If the sudden emergence of a new eyewitness to the 1996 University of Tennessee incident between Peyton Manning and Jamie Naughright was intended to provide Peyton with a silver bullet that would eradicate the dark cloud from his ride into the sunset, it missed the target.
Former Peyton Manning teammate and roommate Greg Johnson told Robert Klemko of TheMMQB.com that Johnson saw what happened between Manning and Naughright 20 years and three days ago, balancing the contest of accounts at two vs. two: Manning and Johnson against Naughright and Malcolm Saxon. But this assumes that Greg Johnson did indeed witness what occurred.
T.J. Quinn of ESPN reports that perhaps Johnson didn’t. According to Quinn, Manning teammate Kevin Horne says Johnson wasn’t there.
“I never saw him,” Horne said. “I saw that story and I’m like, ‘Greg Johnson?’ I like Greg, but, sorry, I don’t remember that.”
In 1996, Horne told an investigator that he didn’t see what happened between Manning and Naughright but that Naughright did not seem to be upset after that.
“I’m not saying that what they remember is wrong or anything, I’m just telling you what I remember,” Horne told Quinn.
Saxon, who was never questioned under oath but who signed an affidavit and wrote a letter suggesting that he supports Naughright’s version of the events, declined to speak to Quinn about the situation. (Saxon consistently has refused to talk.) Johnson spoke to Quinn, a day after Klemko’s article was published.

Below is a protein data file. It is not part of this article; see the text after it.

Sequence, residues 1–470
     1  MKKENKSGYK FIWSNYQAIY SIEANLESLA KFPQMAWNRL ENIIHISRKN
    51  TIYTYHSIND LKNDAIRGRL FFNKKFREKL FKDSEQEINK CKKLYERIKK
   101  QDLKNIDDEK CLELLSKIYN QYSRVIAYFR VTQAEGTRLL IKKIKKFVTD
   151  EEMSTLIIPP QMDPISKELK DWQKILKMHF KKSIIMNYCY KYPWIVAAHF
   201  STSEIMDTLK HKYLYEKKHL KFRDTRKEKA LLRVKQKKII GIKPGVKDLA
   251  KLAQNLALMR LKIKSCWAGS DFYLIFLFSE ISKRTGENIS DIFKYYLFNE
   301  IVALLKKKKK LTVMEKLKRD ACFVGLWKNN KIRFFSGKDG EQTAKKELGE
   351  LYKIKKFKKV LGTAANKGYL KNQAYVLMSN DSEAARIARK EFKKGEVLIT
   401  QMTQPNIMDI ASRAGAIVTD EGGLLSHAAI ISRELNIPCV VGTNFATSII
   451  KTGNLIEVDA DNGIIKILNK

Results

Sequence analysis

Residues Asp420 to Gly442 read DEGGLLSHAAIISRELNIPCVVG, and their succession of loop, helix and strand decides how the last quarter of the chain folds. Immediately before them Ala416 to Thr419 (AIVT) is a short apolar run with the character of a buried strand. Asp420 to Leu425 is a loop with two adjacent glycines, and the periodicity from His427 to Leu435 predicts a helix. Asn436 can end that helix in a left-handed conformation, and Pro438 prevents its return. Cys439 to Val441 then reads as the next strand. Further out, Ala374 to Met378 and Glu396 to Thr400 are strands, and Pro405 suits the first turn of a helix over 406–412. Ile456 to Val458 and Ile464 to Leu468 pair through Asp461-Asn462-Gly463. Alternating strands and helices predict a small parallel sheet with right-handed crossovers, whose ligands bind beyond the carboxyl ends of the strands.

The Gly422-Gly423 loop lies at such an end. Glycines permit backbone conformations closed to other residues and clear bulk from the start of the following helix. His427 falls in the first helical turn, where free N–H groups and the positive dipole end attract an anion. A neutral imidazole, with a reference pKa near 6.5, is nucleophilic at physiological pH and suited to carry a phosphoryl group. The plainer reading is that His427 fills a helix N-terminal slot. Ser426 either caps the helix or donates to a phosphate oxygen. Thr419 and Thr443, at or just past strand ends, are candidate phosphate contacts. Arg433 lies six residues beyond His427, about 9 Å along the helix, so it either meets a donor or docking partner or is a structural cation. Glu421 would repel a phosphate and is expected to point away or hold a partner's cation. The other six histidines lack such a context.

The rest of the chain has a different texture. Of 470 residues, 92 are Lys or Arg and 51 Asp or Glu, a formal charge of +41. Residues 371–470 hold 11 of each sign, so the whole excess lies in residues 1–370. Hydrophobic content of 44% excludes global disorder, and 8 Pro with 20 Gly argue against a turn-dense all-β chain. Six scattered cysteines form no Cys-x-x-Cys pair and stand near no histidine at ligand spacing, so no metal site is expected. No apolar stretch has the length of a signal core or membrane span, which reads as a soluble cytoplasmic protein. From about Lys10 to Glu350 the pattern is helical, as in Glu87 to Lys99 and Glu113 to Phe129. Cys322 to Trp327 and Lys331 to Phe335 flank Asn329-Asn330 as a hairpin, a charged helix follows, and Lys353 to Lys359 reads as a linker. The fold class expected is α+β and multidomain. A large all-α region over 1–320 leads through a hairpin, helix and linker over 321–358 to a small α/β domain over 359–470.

“I was there, and I absolutely saw what happened,” Johnson said. “And if those other guys can remember who was in there and who wasn’t 20 years ago, they’ve got better memories than I do.”
Still, Horne insists that Johnson wasn’t there.
As a result, there will continue to be no clarity about what happened, although anyone who believes either side of the situation has enough evidence to justify their conclusions and to support them during arguments with those who feel otherwise. Not surprisingly, those who already had embraced Manning’s version have amplified their positions based on Johnson’s story. And those who saw the circumstances as suggesting that perhaps this was no mere mooning are expressing skepticism about Johnson’s out-of-the-blue attempt to exonerate his former teammate and roommate.
Adding to the skepticism is the complete failure of Johnson to say anything about this matter when Manning was facing a serious piece of litigation from Naughright that clearly made the 1996 incident an issue. While Johnson was serving overseas in the military at the time, Sean Newell of Vice Sports (in a fair assessment of Johnson’s overall credibility and of the manner in which his story suddenly appeared) points out that Johnson was back in the United States while the litigation was pending. Assuming that Manning’s lawyers knew that Johnson could counter Naughright and Saxon, they could have and should have made arrangements to get Johnson’s testimony preserved. At a minimum, they could have obtained an affidavit from Johnson by working through the military; surely, men and women who have been stationed in other countries are required from time to time to chime in on matters within their knowledge pending in criminal and/or civil court.
From Manning’s perspective, he undoubtedly hopes that he can somehow say or do one thing that would make this all go away. Unless there’s a previously-unknown video of what did and didn’t happen in the Tennessee training room, that’ll never happen.